As far as Mexico’s ambassadors go, there is none more iconic than Frida Kahlo. For decades she has told the story of her people, her country and her hauntingly tortured life through her paintings. Even after death, her memory and her view on the world, love and Mexico continue to live on through her remarkable works of art.
Kahlo was born in Mexico City in 1907, crippled by polio and then seriously injured in a tram accident at 18 years old. She married iconic Mexican muralist Diego Rivera, and the two engaged in a tortured love affair for the rest of their lives. Her physical and emotional pain are best told through her paintings, and her endurance was a symbol of Mexico itself, making her the country’s ultimate heroine.
Once again the world has turned their attention to Mexico’s native daughter: an exhibit in London, one at MALBA in Buenos Aires, and a children’s book, which tells her story to the next generation of art fans.
To Frida, there was no place more inspiring to her than her native Mexico City. One of the most eclectic capitals of the world, Mexico City is a perfect fusion of Mexico’s past, where indigenous history melds cohesively with Spanish influence and design. Today it is a mélange of international flavors, rooted in what is traditionally Mexican.
Frida Kahlo was inspired by, and inspiring to, Mexico as a whole, but most specifically Mexico City.
The start to any Frida Kahlo journey in Mexico City must begin at Casa Azul (the “Blue House”). The cobalt-colored house sits on a quiet, residential street in Frida’s Coyoacan neighborhood — the community that forever sat in her heart as home.
Today her former home-meets-studio is one of the most beloved museums in Mexico, brimming with folk art and memorabilia from Frida’s life and work, including her dresses and even her prosthetic leg. This is also the home that she shared on-again, off-again with Diego Rivera, and where she died.
A couple of blocks from Casa Azul is Coyoacan Market, where Frida Kahlo used to visit on a weekly basis for its abundance of fresh produce, dried chili peppers and handicrafts. The market stands on the site of the original, but the current structure was built in the 1950s. The alleys of the market are lined with spices, chocolate, meats and produce, as well as brightly colored crafts, art and clothing.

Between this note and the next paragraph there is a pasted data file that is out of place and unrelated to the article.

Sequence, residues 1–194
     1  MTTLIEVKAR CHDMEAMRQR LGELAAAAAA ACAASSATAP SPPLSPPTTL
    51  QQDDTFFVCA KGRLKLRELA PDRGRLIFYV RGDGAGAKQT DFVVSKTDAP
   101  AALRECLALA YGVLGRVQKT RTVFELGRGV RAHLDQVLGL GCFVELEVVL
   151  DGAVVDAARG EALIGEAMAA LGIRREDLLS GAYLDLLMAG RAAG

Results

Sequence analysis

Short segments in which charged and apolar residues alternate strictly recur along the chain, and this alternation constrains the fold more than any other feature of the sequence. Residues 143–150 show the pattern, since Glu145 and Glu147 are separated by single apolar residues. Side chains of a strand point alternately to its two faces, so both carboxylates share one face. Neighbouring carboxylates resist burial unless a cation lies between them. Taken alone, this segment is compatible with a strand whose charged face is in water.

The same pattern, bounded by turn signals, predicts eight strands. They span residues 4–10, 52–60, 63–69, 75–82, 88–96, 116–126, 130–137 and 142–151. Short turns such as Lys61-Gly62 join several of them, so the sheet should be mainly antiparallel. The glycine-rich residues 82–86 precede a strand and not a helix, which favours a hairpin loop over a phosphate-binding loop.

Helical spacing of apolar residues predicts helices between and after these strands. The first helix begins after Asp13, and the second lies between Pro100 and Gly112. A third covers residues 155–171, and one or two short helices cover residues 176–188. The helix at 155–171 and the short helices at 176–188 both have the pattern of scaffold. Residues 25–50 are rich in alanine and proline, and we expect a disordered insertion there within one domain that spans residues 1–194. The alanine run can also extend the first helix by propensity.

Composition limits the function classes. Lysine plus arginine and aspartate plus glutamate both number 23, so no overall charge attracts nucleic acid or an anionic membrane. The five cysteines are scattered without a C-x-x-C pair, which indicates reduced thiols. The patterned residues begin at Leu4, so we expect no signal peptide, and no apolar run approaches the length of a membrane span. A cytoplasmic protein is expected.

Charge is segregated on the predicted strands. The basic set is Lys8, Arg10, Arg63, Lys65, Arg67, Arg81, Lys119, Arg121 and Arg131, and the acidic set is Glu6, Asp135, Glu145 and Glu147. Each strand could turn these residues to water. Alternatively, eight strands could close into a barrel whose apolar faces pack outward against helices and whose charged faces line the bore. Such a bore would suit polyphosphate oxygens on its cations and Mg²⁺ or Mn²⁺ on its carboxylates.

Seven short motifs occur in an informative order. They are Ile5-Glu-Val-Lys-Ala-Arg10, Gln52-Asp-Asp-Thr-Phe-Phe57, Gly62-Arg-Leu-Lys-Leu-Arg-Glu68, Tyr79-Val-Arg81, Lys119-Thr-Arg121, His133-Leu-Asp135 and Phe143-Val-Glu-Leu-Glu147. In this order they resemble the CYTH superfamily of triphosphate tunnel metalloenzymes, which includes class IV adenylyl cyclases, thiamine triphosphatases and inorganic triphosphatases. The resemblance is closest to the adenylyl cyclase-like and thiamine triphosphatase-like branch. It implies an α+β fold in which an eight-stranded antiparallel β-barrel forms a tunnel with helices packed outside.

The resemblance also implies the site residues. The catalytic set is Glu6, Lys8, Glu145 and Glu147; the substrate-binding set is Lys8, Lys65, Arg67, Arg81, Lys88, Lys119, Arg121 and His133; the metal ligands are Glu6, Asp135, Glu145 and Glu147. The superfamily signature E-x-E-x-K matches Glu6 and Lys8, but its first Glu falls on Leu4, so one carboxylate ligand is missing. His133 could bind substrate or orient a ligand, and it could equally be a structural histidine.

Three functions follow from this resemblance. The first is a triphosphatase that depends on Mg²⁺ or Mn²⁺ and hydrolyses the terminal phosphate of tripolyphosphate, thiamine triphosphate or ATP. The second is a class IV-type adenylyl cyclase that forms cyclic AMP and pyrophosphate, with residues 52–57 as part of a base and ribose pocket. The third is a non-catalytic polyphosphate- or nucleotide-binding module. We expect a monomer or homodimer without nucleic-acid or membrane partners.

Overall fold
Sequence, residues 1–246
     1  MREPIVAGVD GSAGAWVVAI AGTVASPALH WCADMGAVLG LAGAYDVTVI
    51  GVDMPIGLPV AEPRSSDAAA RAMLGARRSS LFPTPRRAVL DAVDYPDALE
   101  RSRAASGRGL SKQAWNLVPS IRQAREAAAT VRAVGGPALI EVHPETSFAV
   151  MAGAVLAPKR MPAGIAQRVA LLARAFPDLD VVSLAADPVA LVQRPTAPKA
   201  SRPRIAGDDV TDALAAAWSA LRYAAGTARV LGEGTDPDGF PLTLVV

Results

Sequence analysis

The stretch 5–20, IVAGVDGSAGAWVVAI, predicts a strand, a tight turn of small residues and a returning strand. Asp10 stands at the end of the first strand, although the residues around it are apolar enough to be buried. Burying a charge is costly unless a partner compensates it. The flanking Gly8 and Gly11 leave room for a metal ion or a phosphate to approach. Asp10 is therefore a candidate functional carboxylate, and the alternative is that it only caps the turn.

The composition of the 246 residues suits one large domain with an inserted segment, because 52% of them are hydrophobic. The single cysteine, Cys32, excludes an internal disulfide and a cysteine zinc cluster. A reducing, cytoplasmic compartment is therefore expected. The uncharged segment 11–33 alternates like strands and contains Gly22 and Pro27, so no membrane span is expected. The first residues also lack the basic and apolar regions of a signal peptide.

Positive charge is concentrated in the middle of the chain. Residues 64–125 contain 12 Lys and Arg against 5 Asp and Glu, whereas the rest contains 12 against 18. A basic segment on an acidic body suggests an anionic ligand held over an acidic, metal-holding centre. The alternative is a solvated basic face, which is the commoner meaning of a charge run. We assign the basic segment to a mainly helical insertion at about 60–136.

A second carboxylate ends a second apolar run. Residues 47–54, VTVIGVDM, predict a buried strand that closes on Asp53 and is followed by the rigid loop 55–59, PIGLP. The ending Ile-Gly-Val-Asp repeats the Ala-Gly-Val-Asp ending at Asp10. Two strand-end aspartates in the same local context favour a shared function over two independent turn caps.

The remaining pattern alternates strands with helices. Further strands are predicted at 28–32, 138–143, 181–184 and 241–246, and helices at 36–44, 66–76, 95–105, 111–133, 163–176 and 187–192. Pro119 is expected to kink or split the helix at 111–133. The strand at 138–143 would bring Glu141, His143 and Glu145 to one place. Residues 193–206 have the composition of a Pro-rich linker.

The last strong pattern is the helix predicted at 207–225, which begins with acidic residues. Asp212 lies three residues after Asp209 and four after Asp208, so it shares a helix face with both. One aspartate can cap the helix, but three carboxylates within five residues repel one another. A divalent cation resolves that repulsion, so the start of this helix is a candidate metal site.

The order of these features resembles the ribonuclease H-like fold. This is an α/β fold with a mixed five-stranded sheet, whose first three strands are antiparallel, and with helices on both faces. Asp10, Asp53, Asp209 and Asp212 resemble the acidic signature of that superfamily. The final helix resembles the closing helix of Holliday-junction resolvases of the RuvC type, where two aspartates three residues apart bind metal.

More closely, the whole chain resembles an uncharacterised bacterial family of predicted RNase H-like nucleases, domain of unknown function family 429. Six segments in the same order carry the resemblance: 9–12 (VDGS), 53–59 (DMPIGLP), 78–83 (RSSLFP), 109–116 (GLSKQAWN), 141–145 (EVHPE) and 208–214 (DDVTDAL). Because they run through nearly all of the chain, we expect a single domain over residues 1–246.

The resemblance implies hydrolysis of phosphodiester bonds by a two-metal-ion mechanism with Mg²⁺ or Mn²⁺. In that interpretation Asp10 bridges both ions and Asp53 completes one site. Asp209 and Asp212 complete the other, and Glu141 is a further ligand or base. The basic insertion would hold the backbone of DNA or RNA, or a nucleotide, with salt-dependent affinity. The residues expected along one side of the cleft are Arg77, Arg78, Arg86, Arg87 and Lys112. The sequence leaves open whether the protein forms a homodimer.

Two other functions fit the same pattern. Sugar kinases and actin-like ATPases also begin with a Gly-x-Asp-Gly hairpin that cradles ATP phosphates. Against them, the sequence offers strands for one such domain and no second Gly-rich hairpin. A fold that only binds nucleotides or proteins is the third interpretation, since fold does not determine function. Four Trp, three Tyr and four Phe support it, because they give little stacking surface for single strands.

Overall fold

But the primary reason to visit the market is to absorb the local flavor — both figuratively and literally. In the center of the market is Tostadas Coyoacan, which serves fresh tostadas heaped high with shrimp, crab, spicy pork and chicken. Nearby at El Charro, the carnitas are certainly worth taking a long lunch break.
Parroquia de San Juan Bautista
At the center of Coyoacan sits the Garden del Centenario, the central plaza in which is the landmark fountain with its iconic coyote figures, for which Coyoacan was named.
To the east of the plaza is the baroque church, Parroquia de San Juan Bautista, which Frida attended as a young girl. The church is one of the oldest in this part of the country, built at the end of the 16th century. The altar, dating to the 17th century, is still in use.
San Ildefonso College
This college-turned-museum is where Frida studied and also encountered Diego Rivera for the first time, painting his first-ever mural, La Creacion. Built in the 1500s, it was a Jesuit convent before becoming a prep school. Today it pays tribute to Mexico’s great artists. Strangely, there are no works by Kahlo on display, but it is nonetheless an important glimpse into her childhood and roots.
Leon Trotsky’s House
During Frida’s lifetime, Mexico City was a haven for intellectual and political refugees, among them Leon Trotsky, the Russian communist. He sought asylum in Mexico City, lived in Coyoacan, and kept the company of similar revolutionaries like Diego Rivera and Kahlo. Trotsky’s home was an important meeting point for these discussions, and Frida was greatly involved.
Sadly, Trotsky was tracked down by his Russian enemies and he was brutally murdered in his home with an ice pick. The house remains intact, just as Trotsky left it before he died, and is preserved as a museum. The hole in the wall where the ice pick struck is still preserved, covered by a sheet of protective glass. In case you were wondering.